SEC, CFTC Charge FTX's Singh With Fraud Following Criminal Plea
The U.S. Securities and Exchange Commission and Commodity Futures charged former FTX director of engineering Nishad Singh with fraud allegations on Tuesday, following the ex-FTX executive's guilty plea to similar charges in a federal courthouse.
The federal regulators both alleged that FTX lied to the public about its degree of separation from Alameda Research, a prop trading shop founded by FTX's Sam Bankman-Fried, and the companies commingled corporate and customer funds and used these funds for various purposes, including its own investments and trading activities.
According to the CFTC complaint, Singh once shifted $8 billion in Alameda liabilities to a customer account to "prevent Alameda from paying interest on its large outstanding balance."
Other allegations include claims that Singh was among a group of FTX executives who workshopped Bankman-Fried's tweets claiming FTX was okay and its customers could be made whole just prior to FTX's filing for bankruptcy.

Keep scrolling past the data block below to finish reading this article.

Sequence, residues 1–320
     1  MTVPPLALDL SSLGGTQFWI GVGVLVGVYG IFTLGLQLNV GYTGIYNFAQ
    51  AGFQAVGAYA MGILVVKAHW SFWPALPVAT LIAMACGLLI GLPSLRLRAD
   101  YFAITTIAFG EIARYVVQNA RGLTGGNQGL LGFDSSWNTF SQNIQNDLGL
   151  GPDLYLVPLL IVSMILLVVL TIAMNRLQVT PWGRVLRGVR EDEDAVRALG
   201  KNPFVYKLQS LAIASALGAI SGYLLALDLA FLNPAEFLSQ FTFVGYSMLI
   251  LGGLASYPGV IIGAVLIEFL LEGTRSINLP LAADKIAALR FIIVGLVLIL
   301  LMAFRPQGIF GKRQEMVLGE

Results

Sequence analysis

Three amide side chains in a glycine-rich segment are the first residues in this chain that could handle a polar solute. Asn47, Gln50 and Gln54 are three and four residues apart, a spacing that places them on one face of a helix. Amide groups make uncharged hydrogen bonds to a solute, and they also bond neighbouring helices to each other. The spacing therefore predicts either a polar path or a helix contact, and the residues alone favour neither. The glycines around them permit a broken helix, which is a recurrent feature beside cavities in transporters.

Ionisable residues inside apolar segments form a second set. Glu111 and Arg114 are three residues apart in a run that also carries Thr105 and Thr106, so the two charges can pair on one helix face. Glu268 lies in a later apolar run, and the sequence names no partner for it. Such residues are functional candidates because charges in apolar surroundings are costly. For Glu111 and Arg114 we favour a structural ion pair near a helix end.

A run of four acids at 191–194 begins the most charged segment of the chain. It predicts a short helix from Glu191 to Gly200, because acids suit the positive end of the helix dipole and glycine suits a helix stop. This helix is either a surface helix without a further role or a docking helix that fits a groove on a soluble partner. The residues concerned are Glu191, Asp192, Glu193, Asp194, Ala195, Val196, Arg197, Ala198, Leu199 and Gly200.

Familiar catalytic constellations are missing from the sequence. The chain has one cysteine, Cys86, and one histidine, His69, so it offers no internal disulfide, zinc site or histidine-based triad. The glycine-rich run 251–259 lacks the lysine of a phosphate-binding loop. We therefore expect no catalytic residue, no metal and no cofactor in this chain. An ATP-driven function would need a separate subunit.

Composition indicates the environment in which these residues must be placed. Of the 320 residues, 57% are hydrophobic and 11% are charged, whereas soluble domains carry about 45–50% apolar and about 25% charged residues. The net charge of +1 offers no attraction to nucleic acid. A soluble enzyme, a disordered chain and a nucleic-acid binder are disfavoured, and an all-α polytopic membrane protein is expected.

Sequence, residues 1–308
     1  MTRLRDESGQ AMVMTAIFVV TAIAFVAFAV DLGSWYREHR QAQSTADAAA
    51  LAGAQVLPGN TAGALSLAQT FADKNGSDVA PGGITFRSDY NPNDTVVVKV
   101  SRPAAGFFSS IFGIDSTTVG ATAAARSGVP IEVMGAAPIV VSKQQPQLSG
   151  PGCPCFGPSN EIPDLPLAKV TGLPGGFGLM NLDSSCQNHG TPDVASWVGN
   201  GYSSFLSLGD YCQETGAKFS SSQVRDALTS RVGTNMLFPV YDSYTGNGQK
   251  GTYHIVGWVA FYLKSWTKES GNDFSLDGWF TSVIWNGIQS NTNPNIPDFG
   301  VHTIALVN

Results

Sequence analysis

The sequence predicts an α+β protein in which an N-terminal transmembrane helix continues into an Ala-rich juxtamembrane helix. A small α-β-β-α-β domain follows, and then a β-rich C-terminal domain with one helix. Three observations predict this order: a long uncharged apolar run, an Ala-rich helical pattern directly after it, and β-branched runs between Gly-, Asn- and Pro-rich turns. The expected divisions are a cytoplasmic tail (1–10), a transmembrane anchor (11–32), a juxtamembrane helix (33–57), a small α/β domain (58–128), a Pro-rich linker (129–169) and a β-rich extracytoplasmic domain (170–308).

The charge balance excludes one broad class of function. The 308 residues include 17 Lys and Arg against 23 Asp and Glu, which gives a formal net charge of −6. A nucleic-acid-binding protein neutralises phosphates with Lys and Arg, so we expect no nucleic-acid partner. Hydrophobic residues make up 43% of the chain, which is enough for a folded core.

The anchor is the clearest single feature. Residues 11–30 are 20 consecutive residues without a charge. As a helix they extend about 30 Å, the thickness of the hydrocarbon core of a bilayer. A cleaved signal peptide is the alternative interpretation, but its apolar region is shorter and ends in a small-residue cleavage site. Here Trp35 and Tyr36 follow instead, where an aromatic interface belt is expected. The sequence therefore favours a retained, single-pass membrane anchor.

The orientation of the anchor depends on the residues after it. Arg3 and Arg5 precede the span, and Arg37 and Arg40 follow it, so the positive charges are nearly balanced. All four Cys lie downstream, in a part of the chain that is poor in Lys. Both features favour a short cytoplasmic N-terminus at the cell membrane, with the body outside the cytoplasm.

The SEC, for its part, alleged that Singh moved funds around at Bankman-Fried's request to make it appear that FTX generated more revenue than it actually did in 2021.
"In late 2021, when Bankman-Fried realized that FTX was $50 million short of his goal of earning one billion dollars in annual revenue, he instructed Singh to transfer funds from another entity that he controlled, and to falsely characterize the $50 million as revenue that FTX earned throughout 2021," the SEC complaint said. "Singh then backdated a series of fraudulent transfers, and later lied to auditors about the transfers and created false documentation to support those lies. He did so knowing that this information would later also be presented to investors and potential investors."
In a statement, SEC Director of Enforcement Gurbir Grewal said, "we allege that this was fraud, pure and simple: while on the one hand FTX touted its supposed effective risk mitigation measures to investors, on the other Mr. Singh and his co-defendants were stealing customer funds using software code Mr. Singh helped create."
Similarly, CFTC Chief Counsel and Deputy Enforcement Director Gretchen Lowe said "Today’s filing reflects the CFTC’s commitment to protecting the U.S. digital commodity markets. Today’s filing also includes a concession of liability by an individual who, as charged, engaged in and aided significant violations of the Commodity Exchange Act and CFTC regulations."
UPDATE (Feb. 28, 2023, 18:30 UTC): Adds additional detail.